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Nuthatches are probably one of the easiest backyard birds to identify. If you see a bird creeping downward on a tree, it’s a nuthatch. It’s the only species that can “walk down a tree.” It needs no tail support because it has incredibly strong feet!
That said, generally you won’t see too many nuthatches in your yard. Most nuthatches visit feeders in ones and twos. They are feisty and aggressive birds, and pairs generally defend a territory of 10 to 30 acres. They feast on seeds and insects found in trees, and many times will hide seeds from feeders in tree bark for a snack later in the day or breakfast the next morning.
Red-breasted and White-breasted nuthatches are the most common visitors to feeders in North America. They enjoy suet, sunflower seeds and peanuts. Red-breasted Nuthatches are pickier than White-breasted Nuthatches, and their diet is made up mainly of conifer seeds. During years when these seeds aren’t plentiful, Red-breasted Nuthatches will move south (or irrupt) in search of food.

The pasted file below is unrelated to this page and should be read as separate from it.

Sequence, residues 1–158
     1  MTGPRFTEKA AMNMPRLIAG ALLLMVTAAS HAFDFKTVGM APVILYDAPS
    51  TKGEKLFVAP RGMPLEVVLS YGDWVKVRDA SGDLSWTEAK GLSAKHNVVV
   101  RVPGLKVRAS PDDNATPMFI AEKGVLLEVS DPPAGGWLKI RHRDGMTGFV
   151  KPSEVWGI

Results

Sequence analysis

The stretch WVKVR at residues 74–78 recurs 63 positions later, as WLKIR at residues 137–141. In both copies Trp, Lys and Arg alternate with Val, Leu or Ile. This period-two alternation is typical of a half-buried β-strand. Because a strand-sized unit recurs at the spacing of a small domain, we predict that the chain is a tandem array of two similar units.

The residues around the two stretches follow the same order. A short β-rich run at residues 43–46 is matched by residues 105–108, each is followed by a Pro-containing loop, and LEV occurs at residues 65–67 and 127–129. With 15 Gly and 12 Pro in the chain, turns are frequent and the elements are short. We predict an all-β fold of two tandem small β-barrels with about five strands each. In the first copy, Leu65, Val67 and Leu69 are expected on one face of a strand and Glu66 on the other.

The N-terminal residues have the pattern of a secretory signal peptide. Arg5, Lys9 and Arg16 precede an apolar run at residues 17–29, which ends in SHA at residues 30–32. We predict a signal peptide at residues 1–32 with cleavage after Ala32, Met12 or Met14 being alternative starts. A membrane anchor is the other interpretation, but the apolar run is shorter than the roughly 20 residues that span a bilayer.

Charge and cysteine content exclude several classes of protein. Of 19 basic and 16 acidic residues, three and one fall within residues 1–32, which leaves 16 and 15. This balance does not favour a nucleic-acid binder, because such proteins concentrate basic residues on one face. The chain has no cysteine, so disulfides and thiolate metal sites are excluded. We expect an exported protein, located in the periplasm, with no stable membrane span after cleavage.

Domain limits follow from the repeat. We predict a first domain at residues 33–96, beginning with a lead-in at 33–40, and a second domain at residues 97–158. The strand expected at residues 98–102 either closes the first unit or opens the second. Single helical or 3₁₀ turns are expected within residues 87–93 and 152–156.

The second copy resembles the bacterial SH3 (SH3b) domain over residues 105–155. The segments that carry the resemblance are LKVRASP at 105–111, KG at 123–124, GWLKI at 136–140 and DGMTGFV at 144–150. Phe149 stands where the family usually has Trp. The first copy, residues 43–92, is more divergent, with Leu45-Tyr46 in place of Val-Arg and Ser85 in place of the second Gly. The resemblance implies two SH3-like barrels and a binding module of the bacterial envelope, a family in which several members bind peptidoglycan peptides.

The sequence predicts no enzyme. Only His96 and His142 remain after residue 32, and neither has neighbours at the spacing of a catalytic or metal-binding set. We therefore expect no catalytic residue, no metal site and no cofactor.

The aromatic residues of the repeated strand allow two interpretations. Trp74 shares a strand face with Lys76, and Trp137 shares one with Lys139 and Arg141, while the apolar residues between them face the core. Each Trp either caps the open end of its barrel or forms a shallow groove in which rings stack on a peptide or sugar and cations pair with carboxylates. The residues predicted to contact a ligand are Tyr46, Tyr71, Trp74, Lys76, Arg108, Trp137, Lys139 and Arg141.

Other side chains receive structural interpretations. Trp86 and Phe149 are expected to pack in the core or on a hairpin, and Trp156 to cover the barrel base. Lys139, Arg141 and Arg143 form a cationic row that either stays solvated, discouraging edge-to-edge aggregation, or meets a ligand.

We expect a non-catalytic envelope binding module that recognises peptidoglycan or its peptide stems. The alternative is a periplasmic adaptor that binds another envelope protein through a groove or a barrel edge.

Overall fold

Pygmy Nuthatches live in ponderosa forests in the West and survive the bitter winter nights by roosting with 50 to 100 or more other Pygmy Nuthatches in tree cavities. With so many birds in the cavity, they stay warm and can lower their metabolic rate to conserve energy.
Another species, Brown-headed Nuthatches, live primarily in the Southeast United States in mature pine forests. These birds live in flocks, although they do not have the “sleepovers” the Pygmy Nuthatches have.
To attract nuthatches to your yard, try a suet or peanut feeder as well as a blend high in sunflower.